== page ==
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Good Foot Tickling

Feet tend to feature prominently in tickling for relaxation. This is hardly surprising. Many people like having their feet tickled and a good tickle can also be like a massage. So we have dedicated a section of this site specifically to tickling feet.

The problem is of course that preferences and ticklish spots will vary widely between individuals. The best we can do is give you some advice which is bound to be useful in some way.

When tickling for relaxation, try focusing on the feet for at least a few minutes. But don’t make this a whole lot of 15 second tickles. Most people find they like having at least a couple of minutes devoted to just going over the feet.

When tickling feet, you generally should start off lightly stroking areas like under the toes, the side of the foot, on top of the toes, and the back of the heel. Do this until you have the ticklee laughing as much as they are likely to from that specific action. This will of course depend on how ticklish they are.

Unless you have something special planned, we recommend that feet are tickled bare. They will be more ticklish, and there are many more varied ways of tickling bare feet. A lot of what constitutes good foot tickling is in the subtle touches and strokes, most of which would be lost if the feet aren’t bare. The only exception to this that we recommend is the tip found in the “Tickling Tips” section, where you gradually remove their socks. This will often make the feet more ticklish, but it depends on the person.

         Once they reach that point you can move on to tickling the arches, soles and tips of toes. The only reason for this order is that certain areas like under the toes tend to be inaccessible to anything but a delicate touch, which becomes impractical as the tickling becomes more intense. At this stage you want to be doing heavy strokes and the ticklee should be laughing quite obviously. Don’t forget to notice, and if necessary ask, what the ticklee likes and where they are most ticklish.

1.      The ends and pads of the toes.

2.      Underneath the joints of the toes.

3.      In between the toes.

4.      On top of the toes.

5.      The ball of the foot, especially where the toes meet it.

6.      Underneath the arch (the curved bit on the inside).

7.      Directly on the side of the foot, where the top meets the sole.

8.      The ankles and, on some people, the top of the foot.

9.      The middle of the sole.

10.  The fairly sensitive area where the sole meets the heel.

11.  The back of the heel.

 

Now let’s have a quick look at positions to tickle feet, concentrating on those that minimise movement of the feet but are comfortable for the ticklee. One very simple but effective position is very similar to a headlock – the feet are held under the arm of ticklee, with the tickler facing away from the person they are tickling. The ticklee can be sitting or lying on their back if they want their feet pointing up, or lying on their stomach if they want their feet pointing down. The advantage with this position is that it is simple, but the disadvantage is that the tickler can’t see the ticklee.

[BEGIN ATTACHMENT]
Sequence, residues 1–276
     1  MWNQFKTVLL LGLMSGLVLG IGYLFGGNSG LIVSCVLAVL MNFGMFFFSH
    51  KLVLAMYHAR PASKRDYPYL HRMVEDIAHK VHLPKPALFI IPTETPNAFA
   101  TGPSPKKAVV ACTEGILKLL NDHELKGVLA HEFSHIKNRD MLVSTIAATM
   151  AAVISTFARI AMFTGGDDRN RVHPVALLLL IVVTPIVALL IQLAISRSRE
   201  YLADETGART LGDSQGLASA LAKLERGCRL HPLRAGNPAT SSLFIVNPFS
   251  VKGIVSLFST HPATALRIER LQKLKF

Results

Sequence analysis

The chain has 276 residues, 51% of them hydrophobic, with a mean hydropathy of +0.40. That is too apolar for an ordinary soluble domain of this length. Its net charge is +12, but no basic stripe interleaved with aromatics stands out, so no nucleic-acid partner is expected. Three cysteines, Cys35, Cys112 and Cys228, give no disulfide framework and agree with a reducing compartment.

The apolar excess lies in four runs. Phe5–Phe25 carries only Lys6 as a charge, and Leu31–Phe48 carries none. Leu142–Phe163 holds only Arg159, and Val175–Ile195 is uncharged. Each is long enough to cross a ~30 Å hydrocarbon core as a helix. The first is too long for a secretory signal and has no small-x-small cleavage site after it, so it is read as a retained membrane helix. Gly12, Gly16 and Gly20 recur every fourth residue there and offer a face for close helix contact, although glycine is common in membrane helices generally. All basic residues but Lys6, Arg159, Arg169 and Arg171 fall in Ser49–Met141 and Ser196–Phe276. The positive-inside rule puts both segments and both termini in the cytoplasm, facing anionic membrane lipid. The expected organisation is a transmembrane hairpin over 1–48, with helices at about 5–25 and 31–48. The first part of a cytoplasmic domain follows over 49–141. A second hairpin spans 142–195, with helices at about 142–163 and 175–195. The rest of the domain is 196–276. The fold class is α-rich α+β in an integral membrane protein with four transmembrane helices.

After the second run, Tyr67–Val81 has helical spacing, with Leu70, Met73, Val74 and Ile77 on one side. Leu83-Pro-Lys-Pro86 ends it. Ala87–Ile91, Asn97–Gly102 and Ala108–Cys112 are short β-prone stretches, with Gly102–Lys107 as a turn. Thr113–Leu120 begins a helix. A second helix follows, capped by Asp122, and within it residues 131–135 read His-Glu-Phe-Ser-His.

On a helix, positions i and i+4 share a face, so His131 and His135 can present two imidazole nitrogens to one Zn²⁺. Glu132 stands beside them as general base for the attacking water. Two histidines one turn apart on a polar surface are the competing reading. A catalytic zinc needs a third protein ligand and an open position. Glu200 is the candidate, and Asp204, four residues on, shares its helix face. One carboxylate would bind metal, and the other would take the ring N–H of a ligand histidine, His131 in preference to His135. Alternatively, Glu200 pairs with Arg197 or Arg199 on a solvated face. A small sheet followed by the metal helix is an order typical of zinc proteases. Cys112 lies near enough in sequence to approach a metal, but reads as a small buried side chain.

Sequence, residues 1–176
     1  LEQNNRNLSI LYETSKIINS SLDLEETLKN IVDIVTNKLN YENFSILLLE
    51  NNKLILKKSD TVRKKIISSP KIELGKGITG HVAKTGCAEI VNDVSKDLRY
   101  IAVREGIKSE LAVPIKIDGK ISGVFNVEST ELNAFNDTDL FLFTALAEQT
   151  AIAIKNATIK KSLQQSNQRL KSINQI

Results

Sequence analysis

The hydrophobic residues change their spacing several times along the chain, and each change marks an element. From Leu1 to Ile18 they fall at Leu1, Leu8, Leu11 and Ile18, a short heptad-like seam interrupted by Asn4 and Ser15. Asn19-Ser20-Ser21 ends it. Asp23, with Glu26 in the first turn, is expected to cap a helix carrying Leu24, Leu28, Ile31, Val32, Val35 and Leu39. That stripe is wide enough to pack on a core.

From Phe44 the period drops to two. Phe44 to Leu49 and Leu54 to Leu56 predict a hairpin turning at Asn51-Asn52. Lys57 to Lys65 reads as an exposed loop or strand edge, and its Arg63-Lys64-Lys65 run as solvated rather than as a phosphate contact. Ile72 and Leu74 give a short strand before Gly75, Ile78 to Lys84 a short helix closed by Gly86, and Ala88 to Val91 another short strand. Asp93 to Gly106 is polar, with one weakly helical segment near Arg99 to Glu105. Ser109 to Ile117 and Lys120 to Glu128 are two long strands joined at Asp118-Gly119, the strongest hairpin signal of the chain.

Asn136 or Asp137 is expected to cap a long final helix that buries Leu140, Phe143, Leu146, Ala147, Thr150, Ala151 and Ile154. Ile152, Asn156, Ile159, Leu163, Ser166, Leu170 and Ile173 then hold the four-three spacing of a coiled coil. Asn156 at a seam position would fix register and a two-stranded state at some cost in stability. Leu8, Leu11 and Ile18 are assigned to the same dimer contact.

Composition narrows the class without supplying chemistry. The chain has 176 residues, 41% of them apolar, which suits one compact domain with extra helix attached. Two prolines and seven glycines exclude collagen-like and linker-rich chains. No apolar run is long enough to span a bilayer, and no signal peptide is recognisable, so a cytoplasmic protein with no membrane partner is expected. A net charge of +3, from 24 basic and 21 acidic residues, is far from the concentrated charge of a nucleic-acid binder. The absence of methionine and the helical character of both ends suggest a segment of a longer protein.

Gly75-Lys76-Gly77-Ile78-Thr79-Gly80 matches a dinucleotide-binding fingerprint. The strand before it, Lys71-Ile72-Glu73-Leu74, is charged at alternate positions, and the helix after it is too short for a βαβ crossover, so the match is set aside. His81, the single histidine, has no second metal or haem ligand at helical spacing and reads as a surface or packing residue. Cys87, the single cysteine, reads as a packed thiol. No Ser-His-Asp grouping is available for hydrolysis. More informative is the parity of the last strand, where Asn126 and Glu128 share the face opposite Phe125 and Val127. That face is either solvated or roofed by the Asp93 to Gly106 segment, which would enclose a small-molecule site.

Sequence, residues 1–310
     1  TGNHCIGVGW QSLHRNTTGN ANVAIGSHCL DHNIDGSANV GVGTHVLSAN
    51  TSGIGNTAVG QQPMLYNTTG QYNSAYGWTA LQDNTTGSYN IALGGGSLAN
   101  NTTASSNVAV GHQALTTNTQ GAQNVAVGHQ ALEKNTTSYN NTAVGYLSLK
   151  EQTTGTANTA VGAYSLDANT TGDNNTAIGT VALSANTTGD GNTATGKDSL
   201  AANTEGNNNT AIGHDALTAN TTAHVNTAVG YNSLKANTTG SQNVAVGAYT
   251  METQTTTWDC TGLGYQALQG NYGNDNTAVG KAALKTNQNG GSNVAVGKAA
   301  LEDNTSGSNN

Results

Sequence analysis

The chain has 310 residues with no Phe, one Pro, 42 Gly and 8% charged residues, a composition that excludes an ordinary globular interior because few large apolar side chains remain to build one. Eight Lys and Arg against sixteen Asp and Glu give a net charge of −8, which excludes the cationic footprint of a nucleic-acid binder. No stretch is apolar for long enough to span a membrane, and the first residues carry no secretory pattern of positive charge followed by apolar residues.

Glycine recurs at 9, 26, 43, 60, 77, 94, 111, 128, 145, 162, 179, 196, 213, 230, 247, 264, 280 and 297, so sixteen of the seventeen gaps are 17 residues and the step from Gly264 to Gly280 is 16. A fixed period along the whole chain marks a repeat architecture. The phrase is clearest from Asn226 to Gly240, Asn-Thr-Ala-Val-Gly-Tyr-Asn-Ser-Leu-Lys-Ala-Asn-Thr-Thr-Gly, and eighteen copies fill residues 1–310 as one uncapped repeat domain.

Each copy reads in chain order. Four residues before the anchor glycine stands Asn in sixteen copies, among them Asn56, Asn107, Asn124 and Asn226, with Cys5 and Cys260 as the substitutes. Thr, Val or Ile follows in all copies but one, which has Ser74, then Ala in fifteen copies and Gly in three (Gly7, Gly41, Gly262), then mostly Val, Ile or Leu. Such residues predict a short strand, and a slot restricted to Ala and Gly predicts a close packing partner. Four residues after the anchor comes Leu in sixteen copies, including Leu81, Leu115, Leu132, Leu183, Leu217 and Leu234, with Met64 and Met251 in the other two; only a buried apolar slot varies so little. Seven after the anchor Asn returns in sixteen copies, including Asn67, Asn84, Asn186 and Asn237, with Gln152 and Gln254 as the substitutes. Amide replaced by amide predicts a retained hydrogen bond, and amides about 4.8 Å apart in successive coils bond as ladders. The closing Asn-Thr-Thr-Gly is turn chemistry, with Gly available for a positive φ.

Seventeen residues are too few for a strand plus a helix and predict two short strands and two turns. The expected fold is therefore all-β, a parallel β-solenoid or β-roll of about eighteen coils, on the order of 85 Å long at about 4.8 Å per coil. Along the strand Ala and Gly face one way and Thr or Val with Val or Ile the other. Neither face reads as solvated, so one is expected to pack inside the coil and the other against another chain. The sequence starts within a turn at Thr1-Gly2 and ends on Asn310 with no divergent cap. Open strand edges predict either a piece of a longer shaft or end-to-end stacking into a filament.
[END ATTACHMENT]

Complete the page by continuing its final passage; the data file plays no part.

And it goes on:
However, this position can be modified to fix that problem. The tickler sits facing the person they are tickling with one foot under their arm (you’ll find two a bit uncomfortable in this position). The tickler uses their other hand to reach around behind them and tickle the foot. The disadvantage is that it’s not very comfortable for the ticklee to have both feet held under one arm like this – and since the tickler needs one arm free to tickle, this leaves a leg free. You need to be very sure the tickler is not going to get kicked in the face if you use this position!

Other positions include the one mentioned in the “Tickling Tips” section, where the feet are hanging over the end of a bed, and the one described in “Introducing Someone to Tickling”. In this position, the ticklee is lying on their stomach, and the tickler kneels over their legs. Ticklee’s lower calves go on top of the tickler’s calves, and then the tickler lowers their body until their thighs are holding the ticklee’s legs in place. 

In any position where the two feet are going to be right next to each other, consider crossing them over at the ankles. This exposes the arches of the feet which are often some of the most ticklish spots, and the spots people most enjoy being tickled. 

Once the ticklee is laughing about as intensely as you think they are likely to, stay at that level for at least a minute. Helping them reach that level and then dropping away immediately will not do much good. It’s the laughter and touch that releases endorphins in the brain, so if they are willing, you might tickle their feet at that level for several minutes. They will certainly feel good after it.

Anyway, once you or the ticklee feels it’s time to stop or to move on to another area, begin gradually slowing it down. Don’t finish off feet (or any other area) by going from extreme tickling to nothing. Before stopping completely, go back to the delicate tickling you started with, hold for 15-20 seconds minimum, and then finish.

Then, importantly, discuss! Find out what was good and not so good, so next time will be even better.